Experience Using the Nest System in Calgary, Alberta

Article Type Submitter Date Story Abstract
Winning Ways Story Claudia Littlefair, Calgary May 2015

May 2017

The Banff Trailers Club dance every second Saturday, and have New Dancer lessons every Monday night. Each September several New Dancers would join, but due to factors such as illness, time constraints, vacations, only some were able to complete the year. The club was looking for a new way to increase their numbers, and when ‘The Nest’ idea was presented they agreed to give it a try during the 2014-15 dance year.

Thanks to Claudia Littlefair for her permission to republish these stories first published in her Alberta Chatter newsletter.

Read the original story from 2015 …

Read an update about their experience in 2017


Success Using Fast Track in Edmonton, Alberta

Article Type Submitter Date Story Abstract
Winning Ways Story Pat & Ray Duffy, EDMONTON May 2015

In 2011/2012, the Country Sunshiners promoted and started New Dancer lessons under the watchful eye of Gary Winters. However, our turnout was low and to our dismay, by Christmas most of our new dancers had disappeared. During a meeting to discuss the results it was suggested a new format might be in order as the current one had not worked and maybe a compressed time frame would be better received. At the 2012 A.G.M. the Club discussed our future and the need for new members. It was decided to initiate the FAST TRACK Program with the hope of increasing the interest in Square Dancing.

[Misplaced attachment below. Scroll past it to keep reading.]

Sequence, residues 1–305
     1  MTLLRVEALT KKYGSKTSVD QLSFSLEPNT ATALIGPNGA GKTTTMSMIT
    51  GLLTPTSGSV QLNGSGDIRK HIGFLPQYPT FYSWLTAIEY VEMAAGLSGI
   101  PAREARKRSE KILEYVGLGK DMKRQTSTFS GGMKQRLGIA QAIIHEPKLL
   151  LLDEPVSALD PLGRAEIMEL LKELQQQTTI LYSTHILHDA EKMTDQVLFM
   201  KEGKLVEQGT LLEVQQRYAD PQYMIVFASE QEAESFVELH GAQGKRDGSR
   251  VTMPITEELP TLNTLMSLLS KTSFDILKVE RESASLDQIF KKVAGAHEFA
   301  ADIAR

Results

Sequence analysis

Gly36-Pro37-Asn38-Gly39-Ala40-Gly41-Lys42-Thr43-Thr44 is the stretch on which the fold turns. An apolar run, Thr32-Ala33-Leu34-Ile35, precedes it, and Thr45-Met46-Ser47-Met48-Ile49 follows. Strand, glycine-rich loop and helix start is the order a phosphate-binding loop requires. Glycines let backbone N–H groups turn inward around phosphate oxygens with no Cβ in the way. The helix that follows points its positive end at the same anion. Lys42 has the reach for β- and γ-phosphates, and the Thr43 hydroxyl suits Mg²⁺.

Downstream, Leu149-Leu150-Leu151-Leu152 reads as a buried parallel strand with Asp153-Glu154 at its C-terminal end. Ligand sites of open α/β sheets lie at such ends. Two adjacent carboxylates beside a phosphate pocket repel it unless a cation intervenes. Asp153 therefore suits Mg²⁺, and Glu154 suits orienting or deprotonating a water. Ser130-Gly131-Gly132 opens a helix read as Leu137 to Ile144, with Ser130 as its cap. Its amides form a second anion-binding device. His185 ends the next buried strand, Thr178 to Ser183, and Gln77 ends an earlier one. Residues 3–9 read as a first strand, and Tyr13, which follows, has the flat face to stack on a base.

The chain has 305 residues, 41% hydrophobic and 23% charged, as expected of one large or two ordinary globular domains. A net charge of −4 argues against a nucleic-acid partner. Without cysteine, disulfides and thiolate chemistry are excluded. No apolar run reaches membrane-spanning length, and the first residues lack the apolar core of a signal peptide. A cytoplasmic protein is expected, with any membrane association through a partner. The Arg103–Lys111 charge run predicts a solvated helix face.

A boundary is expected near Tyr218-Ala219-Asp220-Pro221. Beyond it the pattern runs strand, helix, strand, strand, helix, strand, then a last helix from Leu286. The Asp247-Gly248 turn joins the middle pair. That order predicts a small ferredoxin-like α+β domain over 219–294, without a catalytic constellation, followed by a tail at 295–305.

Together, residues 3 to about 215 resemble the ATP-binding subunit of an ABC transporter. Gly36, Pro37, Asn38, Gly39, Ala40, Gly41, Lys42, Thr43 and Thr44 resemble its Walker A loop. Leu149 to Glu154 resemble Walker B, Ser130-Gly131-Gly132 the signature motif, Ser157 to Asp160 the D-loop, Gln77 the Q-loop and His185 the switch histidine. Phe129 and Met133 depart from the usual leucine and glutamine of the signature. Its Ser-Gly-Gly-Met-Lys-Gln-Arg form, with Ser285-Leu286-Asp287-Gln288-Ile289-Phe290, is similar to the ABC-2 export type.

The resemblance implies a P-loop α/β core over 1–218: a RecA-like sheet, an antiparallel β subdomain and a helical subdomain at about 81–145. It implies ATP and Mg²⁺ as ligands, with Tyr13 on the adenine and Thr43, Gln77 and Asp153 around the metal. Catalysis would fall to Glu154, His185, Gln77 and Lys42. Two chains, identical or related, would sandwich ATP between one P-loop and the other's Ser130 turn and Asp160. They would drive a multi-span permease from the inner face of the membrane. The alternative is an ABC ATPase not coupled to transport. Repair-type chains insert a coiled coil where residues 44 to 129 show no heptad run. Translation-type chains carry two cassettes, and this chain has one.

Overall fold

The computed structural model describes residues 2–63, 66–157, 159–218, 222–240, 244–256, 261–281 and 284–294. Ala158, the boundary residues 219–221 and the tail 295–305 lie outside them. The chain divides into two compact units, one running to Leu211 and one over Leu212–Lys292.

Thanks to Claudia Littlefair for her permission to republish this story first published in her Alberta Chatter newsletter.

Read more …


Multi-Cycle Program X Plan from Gardner Patton

Article Type Author Publication Date Links Description
Document

Idea

Gardner Patton (gcp6@optonline.net) 2012 Webpage

If you read any of the square dance publications today you will note that many articles suggest the way to attract more people into the square dance activity is to provide a square dance Program which: 1) takes a short time to learn; 2) provides dances where a person can dance that Program frequently. The thought is, that if you can teach dancers enough quickly to where they can dance frequently knowing a few calls, they will spread their enthusiasm for the activity to their friends who can start dancing almost immediately without waiting a year for the next cycle to start.

In the past there have been plans that provide for a Program with less calls (ABC, Community Dance Program, Basic 1, etc.) with little thought to moving those folks who dance that Program forward. There have also been multi-cycle plans which have short periods between new class starts but they have not included a way for people who want to, to dance frequently to a Program lower than Mainstream.